Review of the Lompoc Unified School District (LUSD), conducted by the Santa Barbara County Civil Grand Jury after complaints arose earlier this year, has revealed both a lack of fiscal control and serious ethical shortcomings surrounding the relationship between Board of Education member Bill Christen and his spouse, Tina Christen, LUSD’s Director of Special Education.

The official report, released by the Grand Jury in late June, concluded that LUSD failed to uphold its self-professed mission to provide “leadership and citizen oversight of the district,” based on decisions that gave unfair benefit to Christen’s spouse and her department.

The jury conducted a series of staff interviews and a full review of all fiscal documents dating back to 2012, the year Christen was elected to the board. It was from these sources that the Grand Jury noted Bill Christen’s dual vote — in January 2014 and May 2015 — to approve salary increases that directly benefited his spouse. Complaints of department favoritism were further sustained by $283,000 worth of invoice payments for special education department books that circumvented all systems of approval by the board.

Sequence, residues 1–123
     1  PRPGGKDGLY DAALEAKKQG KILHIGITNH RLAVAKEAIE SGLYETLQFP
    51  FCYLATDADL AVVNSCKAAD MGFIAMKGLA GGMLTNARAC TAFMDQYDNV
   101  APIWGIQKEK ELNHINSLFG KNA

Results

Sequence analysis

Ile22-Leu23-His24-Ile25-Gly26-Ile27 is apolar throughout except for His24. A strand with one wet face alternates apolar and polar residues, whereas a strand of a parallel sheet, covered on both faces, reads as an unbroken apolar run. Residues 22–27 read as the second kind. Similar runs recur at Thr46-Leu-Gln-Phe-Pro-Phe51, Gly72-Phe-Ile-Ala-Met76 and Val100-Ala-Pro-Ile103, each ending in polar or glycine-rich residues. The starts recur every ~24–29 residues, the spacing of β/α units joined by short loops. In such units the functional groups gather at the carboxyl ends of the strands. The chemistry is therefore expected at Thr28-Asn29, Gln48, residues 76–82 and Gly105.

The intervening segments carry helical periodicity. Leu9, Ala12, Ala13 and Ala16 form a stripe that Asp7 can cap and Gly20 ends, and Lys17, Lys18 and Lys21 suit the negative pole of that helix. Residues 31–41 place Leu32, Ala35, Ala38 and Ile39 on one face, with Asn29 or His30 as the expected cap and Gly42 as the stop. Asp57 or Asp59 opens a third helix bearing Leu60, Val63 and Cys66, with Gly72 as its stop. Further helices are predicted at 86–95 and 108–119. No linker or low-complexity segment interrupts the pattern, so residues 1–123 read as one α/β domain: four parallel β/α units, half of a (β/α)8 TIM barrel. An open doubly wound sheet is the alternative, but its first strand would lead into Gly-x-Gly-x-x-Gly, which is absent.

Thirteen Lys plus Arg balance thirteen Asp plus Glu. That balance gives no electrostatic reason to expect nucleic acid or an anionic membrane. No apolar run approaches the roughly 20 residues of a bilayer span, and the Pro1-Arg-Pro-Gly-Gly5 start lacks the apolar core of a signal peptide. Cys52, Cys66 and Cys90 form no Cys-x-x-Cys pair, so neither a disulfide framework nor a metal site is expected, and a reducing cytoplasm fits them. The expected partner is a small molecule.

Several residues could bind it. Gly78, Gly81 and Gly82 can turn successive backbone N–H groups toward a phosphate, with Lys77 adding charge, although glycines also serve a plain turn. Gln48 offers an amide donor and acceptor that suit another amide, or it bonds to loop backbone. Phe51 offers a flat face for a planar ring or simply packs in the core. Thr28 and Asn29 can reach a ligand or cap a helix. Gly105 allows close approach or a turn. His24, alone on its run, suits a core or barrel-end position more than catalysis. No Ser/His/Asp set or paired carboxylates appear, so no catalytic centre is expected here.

Other findings revisited issues noted by independent audits of years prior. In 2015, audit reports show lackadaisical internal financial control over allocation and disbursement of funds. A discrepancy for travel accommodations for spouses, a fee that should not have been covered by the district, was also present in the Grand Jury’s findings.

In addition to a lack of financial integrity and transparency, the Grand Jury also pointed to complaints of LUSD’s hostile work environment. Employees who appealed to the Grand Jury feared retaliation, in the form of hostility and/or termination, if remarks were made public.

In a list of recommendations intended to remedy both immediate and structural issues, the Grand Jury’s suggestions included the reimbursement of pay increases received by Tina Christen, as well as making ethics training a district-wide requirement. LUSD administrators were not available to comment on potential steps to move forward.

As the “public’s watchdog,” the Grand Jury defers all legal judgments to District Attorney Joyce Dudley, who has yet to release a statement on the matter. The district’s Board of Education has 90 days to respond to the Jury’s findings and recommendations.


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